Course Objective1. Students should have knowledge of, and insight into, selected
theories that explain the behaviour of perpetrators and bystanders
during conflict situations as well as the consequences thereof for the
2. Students should be able to explain these theories on the behaviour
of perpetrators and bystanders as well as evaluate their relevance for
particular case studies.
3. Students should be able to apply the theories to various situations
and case studies involving conflict related crimes and mass atrocities.
4. Students should be able to analyse the etiology and consequences of
conflict related crimes on a micro- and meso-level through a sound
5. Students need to show evidence of a critical attitude in relation to
existing theories and an original, investigative and creative attitude
in their application and analysis to the case studies.
6. Students should have insight into, and be able to critically reflect
upon, the role of perpetrators, bystanders and victims in different
transitional justice mechanisms after the conflict has ended.
Course ContentThis course focuses on the perpetrators, bystanders and victims of mass
atrocities and other conflict related crimes. It will be explained how
and why perpetrators are able to commit such atrocious acts and why
bystanders decide to intervene or remain passive. In addition, the
consequences of these crimes for the victims will be discussed. In doing
so the course has an interdisciplinary nature including, for instance,
social-psychology, history and political science.
Throughout the course we will discuss and debate the thesis that
perpetrators of international crimes are merely ordinary people who
commit their crimes because they find themselves in extraordinary
circumstances. Students will get acquainted with various classic
socio-psychological experiments such as Milgram's obedience experiment,
the Stanford prison experiment and Asch’s conformity experiment and
discuss their implications. We will also discuss the role that ideology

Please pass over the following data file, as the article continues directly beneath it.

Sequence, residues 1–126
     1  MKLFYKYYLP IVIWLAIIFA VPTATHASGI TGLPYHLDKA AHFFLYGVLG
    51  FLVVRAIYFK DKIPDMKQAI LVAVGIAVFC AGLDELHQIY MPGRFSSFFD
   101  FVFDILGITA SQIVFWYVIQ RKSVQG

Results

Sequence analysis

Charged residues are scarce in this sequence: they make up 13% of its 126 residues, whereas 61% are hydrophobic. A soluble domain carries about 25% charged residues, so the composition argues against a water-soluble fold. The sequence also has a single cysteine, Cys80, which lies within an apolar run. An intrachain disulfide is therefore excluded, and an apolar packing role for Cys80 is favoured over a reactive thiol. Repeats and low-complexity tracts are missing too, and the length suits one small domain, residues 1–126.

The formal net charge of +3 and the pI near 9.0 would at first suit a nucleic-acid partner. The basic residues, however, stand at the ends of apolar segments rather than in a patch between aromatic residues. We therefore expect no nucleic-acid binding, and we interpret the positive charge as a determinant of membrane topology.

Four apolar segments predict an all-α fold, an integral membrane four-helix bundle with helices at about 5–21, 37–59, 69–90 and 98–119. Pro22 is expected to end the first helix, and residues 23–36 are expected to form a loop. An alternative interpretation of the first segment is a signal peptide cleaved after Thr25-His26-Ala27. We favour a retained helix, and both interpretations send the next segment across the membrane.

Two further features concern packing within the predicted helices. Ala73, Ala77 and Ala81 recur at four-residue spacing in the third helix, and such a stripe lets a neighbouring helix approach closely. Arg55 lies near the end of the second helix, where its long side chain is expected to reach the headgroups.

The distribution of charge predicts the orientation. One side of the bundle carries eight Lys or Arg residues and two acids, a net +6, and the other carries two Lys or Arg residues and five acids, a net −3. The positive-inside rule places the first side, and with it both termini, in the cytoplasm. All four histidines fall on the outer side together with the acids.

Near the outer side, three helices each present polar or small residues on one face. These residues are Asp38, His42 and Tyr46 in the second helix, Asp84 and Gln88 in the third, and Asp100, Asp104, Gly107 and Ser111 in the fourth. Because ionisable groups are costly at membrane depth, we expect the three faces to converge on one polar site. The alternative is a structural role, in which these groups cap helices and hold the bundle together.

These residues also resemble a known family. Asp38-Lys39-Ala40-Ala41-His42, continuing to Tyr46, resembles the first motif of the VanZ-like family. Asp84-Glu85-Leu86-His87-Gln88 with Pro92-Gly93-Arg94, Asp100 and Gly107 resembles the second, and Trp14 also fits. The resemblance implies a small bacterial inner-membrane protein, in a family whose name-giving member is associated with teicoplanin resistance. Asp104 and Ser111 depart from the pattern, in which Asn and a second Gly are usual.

plays for the perpetrators and, because atrocity crimes are often
perpetrated by militarized units, we will also touch upon military
training and its effects on individuals. In addition, the course will
discuss the most relevant ‘bystander theories’ such as Darley and
Latane's observations on the ‘bystander effect’ and the reasons why some
individuals decide to rescue the victims. With regards to the victims,
the consequences of mass atrocities for victims will be discussed as
well as their needs in a post-conflict setting. Furthermore, for all
three actors, their role in different transitional justice mechanisms
will be discussed, focusing in particular on international criminal
trials and Truth and Reconciliation Commissions.
Method of AssessmentWritten assignments
LiteratureAlette Smeulers and Fred Grunfeld: International Crimes and Other Gross
Human Rights Violations, A Multi- and Interdisciplinary Textbook,
Martinus Nijhoff Publishers, 2011
Online articles and texts to be announced via Canvas.
Target AudienceApart from regular students, the course is also available for:
Students from other universities/faculties
Contractor (students who pay for one course)
The extracurricular and exchange students should send a cv to Maartje
Weerdesteijn (email@example.com) and get approval for their
Custom Course RegistrationA maximum of 50 students may attend this course.
|Language of Tuition||English|
|Faculty||Faculty of Law|
|Course Coordinator||dr. M. Weerdesteijn MSc|
|Examiner||dr. M. Weerdesteijn MSc|
dr. M. Weerdesteijn MSc
You need to register for this course yourself
|Teaching Methods||Lecture, Study Group|
This course is also available as: